Being Vegan

Veganism is on the march. With now more than half a million vegans in the UK, what does it actually mean?

It might seem obvious what being vegan is, but there is even an app, Is It Vegan?, to check if certain products count or not. Simply scan a product and the app will analyse its ingredients and give you the thumbs up or down.

Budding vegans and curious meat eaters may be wondering about the finer details about what the lifestyle entails.

The definition of veganism, according to The Vegan Society, who coined the term in 1944, is: 

“A philosophy and way of living which seeks to exclude—as far as is possible and practicable—all forms of exploitation of, and cruelty to, animals for food, clothing or any other purpose; and by extension, promotes the development and use of animal-free alternatives for the benefit of humans, animals and the environment. In dietary terms it denotes the practice of dispensing with all products derived wholly or partly from animals.”

It is therefore more than just cutting out meat and dairy products, but a more comprehensive lifestyle choice striving to avoid animal cruelty and exploitation. 

Although veganism objects to animal testing for the development of medicines, The Vegan Society doesn’t recommend you avoid drugs prescribed to you by your GP. Instead you can ask for medication that doesn’t include animal products such as gelatine and lactose.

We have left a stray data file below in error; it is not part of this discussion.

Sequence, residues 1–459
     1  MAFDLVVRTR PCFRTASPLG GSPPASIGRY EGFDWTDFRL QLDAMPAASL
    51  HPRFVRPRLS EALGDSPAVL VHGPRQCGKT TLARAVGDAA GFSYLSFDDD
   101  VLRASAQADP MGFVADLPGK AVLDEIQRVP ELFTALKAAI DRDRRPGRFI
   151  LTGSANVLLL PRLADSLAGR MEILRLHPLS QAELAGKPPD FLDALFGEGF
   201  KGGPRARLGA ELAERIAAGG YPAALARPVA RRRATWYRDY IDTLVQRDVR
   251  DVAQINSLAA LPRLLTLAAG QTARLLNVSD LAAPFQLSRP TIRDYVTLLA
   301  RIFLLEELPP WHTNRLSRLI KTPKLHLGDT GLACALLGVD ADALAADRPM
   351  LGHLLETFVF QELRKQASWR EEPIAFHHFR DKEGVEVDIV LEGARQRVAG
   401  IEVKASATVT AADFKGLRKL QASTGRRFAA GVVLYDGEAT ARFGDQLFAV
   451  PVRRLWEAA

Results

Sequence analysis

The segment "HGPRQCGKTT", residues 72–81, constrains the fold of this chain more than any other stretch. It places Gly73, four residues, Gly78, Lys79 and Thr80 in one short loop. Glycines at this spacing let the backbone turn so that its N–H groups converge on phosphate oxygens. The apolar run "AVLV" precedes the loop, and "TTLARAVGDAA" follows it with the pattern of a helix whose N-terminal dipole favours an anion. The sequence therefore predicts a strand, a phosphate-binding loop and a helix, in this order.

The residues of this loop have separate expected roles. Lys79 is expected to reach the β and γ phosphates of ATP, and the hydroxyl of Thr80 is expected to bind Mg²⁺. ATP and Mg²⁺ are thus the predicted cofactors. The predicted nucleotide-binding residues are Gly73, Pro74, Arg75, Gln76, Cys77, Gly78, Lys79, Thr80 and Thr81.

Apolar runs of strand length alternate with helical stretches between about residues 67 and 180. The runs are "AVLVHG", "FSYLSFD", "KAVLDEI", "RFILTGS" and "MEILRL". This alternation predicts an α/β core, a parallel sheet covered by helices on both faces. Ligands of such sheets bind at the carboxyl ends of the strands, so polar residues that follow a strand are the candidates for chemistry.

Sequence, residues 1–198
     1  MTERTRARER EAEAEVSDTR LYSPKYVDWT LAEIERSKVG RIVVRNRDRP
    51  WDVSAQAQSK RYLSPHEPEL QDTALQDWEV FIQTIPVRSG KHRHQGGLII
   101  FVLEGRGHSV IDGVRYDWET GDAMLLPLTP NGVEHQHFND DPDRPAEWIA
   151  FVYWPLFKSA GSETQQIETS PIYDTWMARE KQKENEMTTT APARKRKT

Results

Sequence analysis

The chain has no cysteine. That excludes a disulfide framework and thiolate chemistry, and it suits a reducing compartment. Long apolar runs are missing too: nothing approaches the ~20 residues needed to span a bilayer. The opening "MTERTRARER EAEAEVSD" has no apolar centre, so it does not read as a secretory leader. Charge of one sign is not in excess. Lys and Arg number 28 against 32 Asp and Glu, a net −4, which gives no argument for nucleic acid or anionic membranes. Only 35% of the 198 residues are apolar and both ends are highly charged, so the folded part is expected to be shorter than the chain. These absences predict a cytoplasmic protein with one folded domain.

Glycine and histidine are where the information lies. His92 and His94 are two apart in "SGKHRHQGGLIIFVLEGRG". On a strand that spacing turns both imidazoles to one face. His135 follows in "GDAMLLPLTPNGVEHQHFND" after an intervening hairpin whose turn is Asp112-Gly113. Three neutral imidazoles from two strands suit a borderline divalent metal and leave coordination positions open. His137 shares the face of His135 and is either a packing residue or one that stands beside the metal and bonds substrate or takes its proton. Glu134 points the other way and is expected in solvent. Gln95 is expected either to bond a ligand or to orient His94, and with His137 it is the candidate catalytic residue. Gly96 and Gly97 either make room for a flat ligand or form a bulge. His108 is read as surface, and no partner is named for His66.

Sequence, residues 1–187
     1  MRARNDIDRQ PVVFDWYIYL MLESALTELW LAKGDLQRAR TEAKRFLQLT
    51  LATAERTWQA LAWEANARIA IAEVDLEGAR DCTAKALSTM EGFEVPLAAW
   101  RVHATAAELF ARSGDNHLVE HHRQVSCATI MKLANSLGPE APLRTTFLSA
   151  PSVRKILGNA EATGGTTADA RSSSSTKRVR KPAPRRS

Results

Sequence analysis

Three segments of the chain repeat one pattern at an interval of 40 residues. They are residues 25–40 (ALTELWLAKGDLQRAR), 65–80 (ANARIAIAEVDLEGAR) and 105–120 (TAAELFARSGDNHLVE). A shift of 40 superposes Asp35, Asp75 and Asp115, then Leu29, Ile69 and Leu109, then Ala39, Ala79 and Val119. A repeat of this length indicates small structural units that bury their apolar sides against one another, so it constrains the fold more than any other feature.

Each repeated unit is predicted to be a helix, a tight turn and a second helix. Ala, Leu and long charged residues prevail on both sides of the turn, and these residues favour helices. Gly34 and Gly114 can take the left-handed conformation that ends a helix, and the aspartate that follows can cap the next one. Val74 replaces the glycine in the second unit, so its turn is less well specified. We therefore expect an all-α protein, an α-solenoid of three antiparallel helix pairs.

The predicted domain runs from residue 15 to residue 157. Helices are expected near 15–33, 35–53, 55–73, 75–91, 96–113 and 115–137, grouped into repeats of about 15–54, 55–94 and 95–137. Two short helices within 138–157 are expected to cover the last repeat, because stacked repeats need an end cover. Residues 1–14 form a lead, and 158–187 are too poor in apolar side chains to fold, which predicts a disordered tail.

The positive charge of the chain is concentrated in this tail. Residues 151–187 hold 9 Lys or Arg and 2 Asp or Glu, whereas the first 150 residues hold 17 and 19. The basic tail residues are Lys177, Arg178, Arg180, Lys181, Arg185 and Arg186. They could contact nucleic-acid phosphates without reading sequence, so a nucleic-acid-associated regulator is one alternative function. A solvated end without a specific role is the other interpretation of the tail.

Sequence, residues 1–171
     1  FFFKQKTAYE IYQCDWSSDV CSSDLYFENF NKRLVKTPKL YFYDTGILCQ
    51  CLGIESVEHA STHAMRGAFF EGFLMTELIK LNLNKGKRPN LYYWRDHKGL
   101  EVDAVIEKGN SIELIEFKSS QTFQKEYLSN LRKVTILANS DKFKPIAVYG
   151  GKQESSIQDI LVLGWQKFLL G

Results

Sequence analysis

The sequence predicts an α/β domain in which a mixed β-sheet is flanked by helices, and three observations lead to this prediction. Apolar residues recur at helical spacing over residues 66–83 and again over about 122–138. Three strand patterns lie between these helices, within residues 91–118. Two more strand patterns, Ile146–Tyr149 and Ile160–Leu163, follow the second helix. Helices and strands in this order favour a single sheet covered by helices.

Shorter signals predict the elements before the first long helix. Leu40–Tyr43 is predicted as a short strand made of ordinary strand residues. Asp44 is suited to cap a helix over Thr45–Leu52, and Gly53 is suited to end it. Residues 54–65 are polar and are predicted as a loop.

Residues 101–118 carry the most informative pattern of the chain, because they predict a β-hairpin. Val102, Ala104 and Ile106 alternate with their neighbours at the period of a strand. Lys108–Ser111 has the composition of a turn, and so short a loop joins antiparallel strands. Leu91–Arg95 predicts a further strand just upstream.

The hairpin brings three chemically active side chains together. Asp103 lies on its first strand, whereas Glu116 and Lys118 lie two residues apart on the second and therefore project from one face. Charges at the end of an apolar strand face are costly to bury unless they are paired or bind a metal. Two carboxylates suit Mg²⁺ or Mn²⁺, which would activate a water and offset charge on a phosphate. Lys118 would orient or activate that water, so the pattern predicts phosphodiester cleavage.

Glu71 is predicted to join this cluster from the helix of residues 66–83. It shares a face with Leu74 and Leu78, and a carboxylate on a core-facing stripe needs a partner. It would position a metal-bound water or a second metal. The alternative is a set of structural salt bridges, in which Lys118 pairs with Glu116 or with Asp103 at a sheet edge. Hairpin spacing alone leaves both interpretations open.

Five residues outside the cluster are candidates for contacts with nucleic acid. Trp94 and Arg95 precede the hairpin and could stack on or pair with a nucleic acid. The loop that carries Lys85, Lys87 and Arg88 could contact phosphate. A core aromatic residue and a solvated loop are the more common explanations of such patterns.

Is honey vegan?

Honey is often mistaken as vegan friendly, but it definitely is not, because the harvesting of honey by humans exploits honey bees and their health can be damaged by a sugar substitute that beekeepers replace the honey with.

The selective breeding of bees to increase productivity is also harming a species that is already endangered by increasing susceptibility to disease.

What you wouldn’t think is/isn’t vegan

There may be condiments lurking in your cupboard that could catch you out. For example, some pestos contain milk and eggs and Lea & Perrins Worcestershire Sauce contains anchovies.

Wine may have been filtered through a fining agent, which can include a range of animal products, including bone marrow, fish oil and gelatin.

Avocado fans who are too lazy to make their own guac, beware: some supermarkets add cream to their guacamole.

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